The third week of June could be a big one for the Supreme Court, as decisions are now expected on two separate days on Monday, June 16, and Thursday, June 19.
So far this term, the nine Justices have handed down rulings on affirmative action, campaign finance, public prayer, treaty obligations and pollution regulations as the Court hits the homestretch for the 2013-2014 term.
Among the other decisions expected from the Court is the first big ruling on the Affordable Care Act, or Obamacare, since June 2012; a pair of significant cellphone privacy cases; another huge environmental law case; and decisions that could limit presidential recess appointment powers and the ability of the U.S. to carry out international treaties domestically.
Here is a rundown of the cases. (Note: The Court doesn’t necessarily issue decisions chronologically based on when arguments are heard. So a case heard in November arguments can be decided in late June.)
To be decided in June 2014:
National Labor Relations Board v. Noel Canning (heard Jan. 13, 2014)
This high-profile case asks the Court to interpret the breadth of the President Obama’s constitutional authority to make appointments during Senate recesses. The Court is considering a balance of power issue between the President and the legislative branch.
McCullen v. Coakley (heard Jan. 15, 2014)
This case is about Massachusetts’s selective exclusion law – which makes it a crime for public speakers other than clinic “employees or agents . . . acting within the scope of their employment” to protest within 35 feet of a reproductive health care facility.
Harris v. Quinn (Argued January 21, 2014)
An argument in Illinois over home-care union workers, and their refusal to pay their “fair share” of the cost for union representation, could have much-bigger national implications.
Sebelius v. Hobby Lobby Stores, Inc. and Conestoga Wood Specialties Corp. v. Sebelius (heard March 25, 2014)
The second big test in the Supreme Court over the Affordable Care Act, or Obamacare is about exceptions to Obamacare’s requirements relating to religious freedom.
In Sebelius v. Hobby Lobby Stores, Inc., the national hobby and crafts chain store asked the Court to take on the Affordable Care Act’s birth control mandate that applies to for-profit companies with religious convictions.
In the Conestoga Wood case, a Mennonite family-owned, profit-making business claims that the ACA’s birth control mandate violates the company’s rights under the First Amendment free exercise clause and the federal Religious Freedom Restoration Act.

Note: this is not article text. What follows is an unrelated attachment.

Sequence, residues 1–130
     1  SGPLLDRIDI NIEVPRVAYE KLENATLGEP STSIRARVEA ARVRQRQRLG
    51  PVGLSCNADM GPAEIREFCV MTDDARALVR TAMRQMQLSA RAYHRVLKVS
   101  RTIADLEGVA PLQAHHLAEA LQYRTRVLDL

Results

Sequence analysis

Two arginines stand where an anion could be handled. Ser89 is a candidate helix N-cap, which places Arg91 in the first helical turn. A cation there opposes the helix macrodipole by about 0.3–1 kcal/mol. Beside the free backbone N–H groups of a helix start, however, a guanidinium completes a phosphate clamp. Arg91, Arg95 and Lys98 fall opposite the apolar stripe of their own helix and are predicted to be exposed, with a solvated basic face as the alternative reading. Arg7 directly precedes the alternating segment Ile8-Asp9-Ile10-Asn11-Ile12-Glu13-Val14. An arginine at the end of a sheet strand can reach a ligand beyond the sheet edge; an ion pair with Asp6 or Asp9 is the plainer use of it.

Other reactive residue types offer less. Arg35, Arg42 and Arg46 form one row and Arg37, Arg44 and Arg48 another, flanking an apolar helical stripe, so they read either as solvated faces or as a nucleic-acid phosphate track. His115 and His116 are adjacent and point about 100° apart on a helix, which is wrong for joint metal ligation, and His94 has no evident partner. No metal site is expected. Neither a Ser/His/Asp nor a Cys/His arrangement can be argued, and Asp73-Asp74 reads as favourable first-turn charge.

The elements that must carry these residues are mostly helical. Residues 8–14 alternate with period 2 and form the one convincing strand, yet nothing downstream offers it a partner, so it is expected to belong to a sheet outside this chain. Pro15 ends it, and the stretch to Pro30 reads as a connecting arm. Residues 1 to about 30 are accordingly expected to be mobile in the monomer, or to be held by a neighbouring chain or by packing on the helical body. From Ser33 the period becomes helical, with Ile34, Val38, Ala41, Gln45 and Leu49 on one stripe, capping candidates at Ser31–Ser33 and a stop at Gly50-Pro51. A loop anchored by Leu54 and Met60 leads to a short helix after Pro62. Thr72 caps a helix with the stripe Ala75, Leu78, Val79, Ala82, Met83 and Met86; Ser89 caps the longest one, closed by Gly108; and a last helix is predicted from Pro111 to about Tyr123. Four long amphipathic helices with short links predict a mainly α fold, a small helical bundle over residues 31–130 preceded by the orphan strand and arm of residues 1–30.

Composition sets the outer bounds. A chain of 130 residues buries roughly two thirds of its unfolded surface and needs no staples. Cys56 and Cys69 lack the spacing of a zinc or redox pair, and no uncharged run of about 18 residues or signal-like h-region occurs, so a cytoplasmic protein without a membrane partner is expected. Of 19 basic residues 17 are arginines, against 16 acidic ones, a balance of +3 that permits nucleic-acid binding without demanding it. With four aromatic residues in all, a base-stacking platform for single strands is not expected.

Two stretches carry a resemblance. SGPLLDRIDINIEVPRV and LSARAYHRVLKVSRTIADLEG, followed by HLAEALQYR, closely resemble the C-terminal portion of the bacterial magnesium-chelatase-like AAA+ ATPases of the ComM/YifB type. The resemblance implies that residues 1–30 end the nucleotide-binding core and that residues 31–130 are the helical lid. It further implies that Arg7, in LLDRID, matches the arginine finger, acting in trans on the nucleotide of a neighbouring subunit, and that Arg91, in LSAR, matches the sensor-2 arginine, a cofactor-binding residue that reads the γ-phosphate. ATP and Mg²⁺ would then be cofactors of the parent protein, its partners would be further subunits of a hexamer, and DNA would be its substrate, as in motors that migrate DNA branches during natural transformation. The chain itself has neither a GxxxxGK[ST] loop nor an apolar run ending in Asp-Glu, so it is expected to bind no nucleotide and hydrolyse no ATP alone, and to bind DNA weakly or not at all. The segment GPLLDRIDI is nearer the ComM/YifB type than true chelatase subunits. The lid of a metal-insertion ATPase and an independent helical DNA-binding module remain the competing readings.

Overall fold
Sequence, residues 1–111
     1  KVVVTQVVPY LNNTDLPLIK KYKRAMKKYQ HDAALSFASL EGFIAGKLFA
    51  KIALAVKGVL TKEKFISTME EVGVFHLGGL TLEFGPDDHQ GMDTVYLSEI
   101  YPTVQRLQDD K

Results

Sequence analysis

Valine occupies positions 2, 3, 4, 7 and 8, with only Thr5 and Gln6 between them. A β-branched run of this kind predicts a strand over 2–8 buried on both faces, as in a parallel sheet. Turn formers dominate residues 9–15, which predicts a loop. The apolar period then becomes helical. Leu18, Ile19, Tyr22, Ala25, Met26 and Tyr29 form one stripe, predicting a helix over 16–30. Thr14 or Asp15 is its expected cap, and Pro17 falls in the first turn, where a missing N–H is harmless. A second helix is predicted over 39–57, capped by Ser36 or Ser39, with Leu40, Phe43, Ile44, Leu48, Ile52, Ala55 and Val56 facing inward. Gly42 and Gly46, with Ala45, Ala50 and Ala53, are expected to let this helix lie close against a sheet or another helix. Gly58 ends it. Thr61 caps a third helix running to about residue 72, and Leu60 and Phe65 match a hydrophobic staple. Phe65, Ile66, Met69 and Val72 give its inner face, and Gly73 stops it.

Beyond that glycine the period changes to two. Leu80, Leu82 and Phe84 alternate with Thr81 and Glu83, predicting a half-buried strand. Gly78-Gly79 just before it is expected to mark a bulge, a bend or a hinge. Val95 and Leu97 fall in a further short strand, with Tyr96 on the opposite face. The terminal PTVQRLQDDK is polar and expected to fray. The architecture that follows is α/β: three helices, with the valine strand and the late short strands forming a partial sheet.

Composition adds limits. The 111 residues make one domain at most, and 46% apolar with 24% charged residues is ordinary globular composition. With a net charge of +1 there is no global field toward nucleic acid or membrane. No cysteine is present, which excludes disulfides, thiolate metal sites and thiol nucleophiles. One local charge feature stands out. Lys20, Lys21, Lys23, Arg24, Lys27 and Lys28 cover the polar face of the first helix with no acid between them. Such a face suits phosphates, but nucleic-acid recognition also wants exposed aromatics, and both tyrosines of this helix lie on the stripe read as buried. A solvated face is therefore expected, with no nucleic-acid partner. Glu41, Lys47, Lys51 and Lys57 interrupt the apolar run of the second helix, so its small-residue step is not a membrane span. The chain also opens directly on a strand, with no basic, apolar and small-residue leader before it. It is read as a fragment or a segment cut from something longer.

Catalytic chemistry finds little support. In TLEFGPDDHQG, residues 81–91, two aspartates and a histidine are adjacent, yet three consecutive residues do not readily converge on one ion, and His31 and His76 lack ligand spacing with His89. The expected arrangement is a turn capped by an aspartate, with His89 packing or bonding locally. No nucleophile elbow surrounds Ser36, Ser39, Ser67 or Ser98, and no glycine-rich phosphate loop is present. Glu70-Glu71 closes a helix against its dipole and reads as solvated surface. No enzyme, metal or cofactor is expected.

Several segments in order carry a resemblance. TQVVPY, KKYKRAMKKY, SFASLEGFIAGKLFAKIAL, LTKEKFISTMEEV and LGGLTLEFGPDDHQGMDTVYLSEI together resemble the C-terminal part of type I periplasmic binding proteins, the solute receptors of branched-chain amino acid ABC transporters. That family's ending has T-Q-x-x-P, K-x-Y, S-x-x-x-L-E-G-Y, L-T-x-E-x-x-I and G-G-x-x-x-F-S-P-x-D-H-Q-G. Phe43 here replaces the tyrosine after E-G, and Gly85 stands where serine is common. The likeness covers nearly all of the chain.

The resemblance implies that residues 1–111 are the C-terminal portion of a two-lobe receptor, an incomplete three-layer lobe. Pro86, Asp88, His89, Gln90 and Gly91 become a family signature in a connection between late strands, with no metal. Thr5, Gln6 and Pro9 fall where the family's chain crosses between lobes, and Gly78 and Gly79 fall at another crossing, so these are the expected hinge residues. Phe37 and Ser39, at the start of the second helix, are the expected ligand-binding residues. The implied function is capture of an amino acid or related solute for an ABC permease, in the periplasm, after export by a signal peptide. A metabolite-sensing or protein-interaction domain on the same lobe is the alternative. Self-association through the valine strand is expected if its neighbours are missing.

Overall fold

American Broadcasting Companies v. Aereo (heard April 22, 2014)
The highly publicized case involves a copyright battle between Aereo, a tech TV startup, and the major television networks that could affect the future of broadcast television and cloud computing.
Riley v. California and U.S. v. Wurie (heard April 29, 2014)
Both cases examine the power of the police, acting without a search warrant in certain circumstances, to look at information stored on a cellphone taken from a suspect at the time of an arrest.
The Greenhouse Cases (heard February 24, 2014)
A group of six cases, with Utility Air Regulatory Group v. Environmental Protection Agency, as the lead case, focuses on federal government’s power to limit the amount of “greenhouse gases” that enter the atmosphere, under powers granted in the Clean Air Act.
Already decided this term:
Susan B. Anthony List v. Driehaus (heard April 22, 2014; decided June 16, 2014)
Susan B. Anthony List v. Steven Driehaus was about the ability of two groups to challenge a controversial Ohio statute that punishes people for making false statements during political campaigns. It drew a lot of media attention, including a rather remarkable brief filed by humorist P.J. O’Rourke.
A unanimous Court said that the two groups had Article III standing to sue about the law, but the Court didn’t rule on the law’s constitutionality. So for now, the case heads back to a lower court.
Bond v. U.S. (heard Nov. 1, 2013, decided, June 2, 2014)
Chief Justice John Roberts says in a unanimous decision that a woman convicted of trying to poison her best friend should have been tried under a state law, and not an international treaty about chemical weapons. The decision doesn’t affect a landmark 1920 Supreme Court decision: Missouri v. Holland, which gave Congress the power to pass laws to carry out the U.S. government’s obligations under international treaties.
McCutcheon v. Federal Election Commission (decided April 2, 2014)
Chief Justice John Roberts and four other justices struck down general limits on how much money can be spent on federal political campaigns over a two-year period.
Schuette v. Coalition to Defend Affirmative Action (decided April 22, 2014)
The Court decided that states could restrict their use of affirmative action programs in university admissions and at other public institutions.
EPA v. Homer (decided April 29, 2014)
A divided Supreme Court upholds the Environmental Protection Agency’s Cross-State Air Pollution Rule, which allows the EPA to consider costs when determining the extent to which upwind states must reduce the regulated air pollutant emissions for the benefit of downwind states.
Town of Greece v. Galloway (decided May 5, 2014)
A divided Court upheld prayers at public government meetings, in what could be a historically significant moment for the religious Establishment clause in the First Amendment.
Hall v. Florida (decided May 27, 2014)
A divided Supreme Court said that Florida’s use of IQ tests as final evidence to determine death penalty eligibility is unconstitutional.
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